Lahore’s Shahi Hammam: Where Royals Got “Refreshed”


In Lahore, the Shahi Hammam or also known as the Wazir Khan Hammam is the only public place for bathing or refreshment of the Mughal period. The hammam was used by the royal families including emperors in the time of Shah Jahan, the fifth emperor of the Mughal Empire from 1628 until 1658.
The Shahi Hammam was built inside the Delhi Gate by Hakim Sheikh Ilmuddin Ansari, a native of Chiniot, commonly known as Wazir Khan, who rose to be the court physician to the emperor and a governor of Lahore. The Delhi Gate, one of the twelve gates of Lahore, was built by Jalal-ud-Din Muhammad Akbar, the third Mughal emperor.
The Delhi Gate is one of the most well-preserved gates and one of the liveliest with numerous markets. One of the most interesting features of the historically significant site is its Turkish style bath that is popular throughout the Islamic world, which provided reservoir fountains, dressing rooms, a hot room, and a warming room, additional latrines, and facilities for hot water.
Pakistan is among the three countries (other two being Turkey and Greece) where hammams like these still existed. Beauty of the historical remnant had mainly been ruined because of encroachments. Before and after the partition, people occupied the land surrounding the Shahi Hammam. The encroachment severely damaged the walls and beauty of the historical heritage, destroying the mosaic work on the walls and ceilings of the hammam.
However, the Punjab government has finally turned its attention to the deteriorating historical heritage, and successfully removed encroachments from its surroundings. The Archaeology Department is taking measures so as to renovate the hammam. The government had provided Rs 3.6 million for the first phase of renovation process while the World Bank had provided Rs 50 million for the removal of encroachments. The first phase (of the renovation) would include complete preservation and renovation of the outer walls.
In the next phase, the marble flooring of the structure (laid down in 1990), would be broken to reveal its original floors and the water channels underneath. The water system would be fully explored and restored with special focus on water routes, linking of hot and cold baths to channels underneath, route of the water drains, etc. The shops that were built around the hammam would also be dug to reveal what lay underneath them. A proper map of the hammam would be made, guiding the visitors about each and every corner of the place.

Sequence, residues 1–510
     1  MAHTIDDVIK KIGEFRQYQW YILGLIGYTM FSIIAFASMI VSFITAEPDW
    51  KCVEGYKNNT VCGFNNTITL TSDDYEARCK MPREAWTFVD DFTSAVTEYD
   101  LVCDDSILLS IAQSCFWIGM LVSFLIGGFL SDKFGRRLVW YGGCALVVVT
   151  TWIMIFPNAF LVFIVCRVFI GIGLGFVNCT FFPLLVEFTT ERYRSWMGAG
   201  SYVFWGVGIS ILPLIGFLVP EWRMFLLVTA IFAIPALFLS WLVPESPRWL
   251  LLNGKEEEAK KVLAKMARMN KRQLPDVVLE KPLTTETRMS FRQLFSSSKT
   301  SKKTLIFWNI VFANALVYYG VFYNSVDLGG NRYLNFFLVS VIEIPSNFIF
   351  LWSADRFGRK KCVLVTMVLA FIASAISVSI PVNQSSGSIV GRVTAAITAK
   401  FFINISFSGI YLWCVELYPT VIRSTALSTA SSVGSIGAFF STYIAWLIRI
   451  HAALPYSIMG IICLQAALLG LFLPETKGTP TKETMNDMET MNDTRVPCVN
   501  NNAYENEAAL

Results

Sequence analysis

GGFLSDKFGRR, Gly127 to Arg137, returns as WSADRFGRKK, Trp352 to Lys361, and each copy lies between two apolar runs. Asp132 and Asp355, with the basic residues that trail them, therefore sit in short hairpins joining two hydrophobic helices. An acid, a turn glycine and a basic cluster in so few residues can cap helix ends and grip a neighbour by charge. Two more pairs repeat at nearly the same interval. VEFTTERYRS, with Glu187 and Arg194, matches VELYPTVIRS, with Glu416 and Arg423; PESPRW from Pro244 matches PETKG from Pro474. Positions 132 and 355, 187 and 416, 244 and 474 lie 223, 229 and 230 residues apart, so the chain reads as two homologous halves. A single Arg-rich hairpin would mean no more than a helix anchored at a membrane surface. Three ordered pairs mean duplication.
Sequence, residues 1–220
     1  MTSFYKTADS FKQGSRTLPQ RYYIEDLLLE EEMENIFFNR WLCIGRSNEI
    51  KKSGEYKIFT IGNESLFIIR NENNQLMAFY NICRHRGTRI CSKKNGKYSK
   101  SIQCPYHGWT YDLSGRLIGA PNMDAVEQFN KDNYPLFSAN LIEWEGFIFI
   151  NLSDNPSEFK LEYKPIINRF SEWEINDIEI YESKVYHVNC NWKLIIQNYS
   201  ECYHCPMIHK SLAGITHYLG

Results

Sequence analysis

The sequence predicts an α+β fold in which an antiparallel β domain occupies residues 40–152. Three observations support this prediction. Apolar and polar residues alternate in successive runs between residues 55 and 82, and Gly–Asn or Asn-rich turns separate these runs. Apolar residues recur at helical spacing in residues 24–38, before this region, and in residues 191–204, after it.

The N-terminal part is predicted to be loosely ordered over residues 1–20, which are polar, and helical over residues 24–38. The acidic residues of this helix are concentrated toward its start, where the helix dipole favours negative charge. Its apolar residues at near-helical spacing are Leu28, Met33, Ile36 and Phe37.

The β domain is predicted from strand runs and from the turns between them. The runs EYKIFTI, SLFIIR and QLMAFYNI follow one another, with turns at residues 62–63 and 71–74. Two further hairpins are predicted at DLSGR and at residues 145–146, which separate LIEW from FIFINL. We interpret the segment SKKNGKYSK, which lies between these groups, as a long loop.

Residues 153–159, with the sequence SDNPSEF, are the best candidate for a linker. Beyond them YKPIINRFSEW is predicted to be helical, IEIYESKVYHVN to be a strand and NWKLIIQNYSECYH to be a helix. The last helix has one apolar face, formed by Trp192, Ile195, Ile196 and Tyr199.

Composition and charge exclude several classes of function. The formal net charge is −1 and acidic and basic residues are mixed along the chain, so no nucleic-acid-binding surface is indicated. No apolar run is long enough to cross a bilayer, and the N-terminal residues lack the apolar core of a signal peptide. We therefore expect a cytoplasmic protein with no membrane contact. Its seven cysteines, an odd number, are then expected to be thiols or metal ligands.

Nowadays, encroachments removing work is in progress. Besides that its the the fact that not many people know about Shahi hammam, one of the important landmarks of the Mughal period. Next time when you visit Lahore, don’t forget to visit this place.
Shiraz Hassan
Shiraz Hassan is a magazine reporter and feature writer for Sunday Magazine in Lahore, Pakistan, where he covers social issues, art and culture. At the magazine, he has published more than 400 features related to social problems, culture and 'show biz.' Shiraz has also worked as a news editor at the radio network “MAST FM 103” in Lahore.

He writes about culture and heritage of South Asia, particularly Pakistan. He advocates rich culture of this land and tries to explore facts. Recently he was given an award from the Federal Ministry of Population Welfare for his article on population crises. Writers Guild also awarded him a Medal of excellence for his work.
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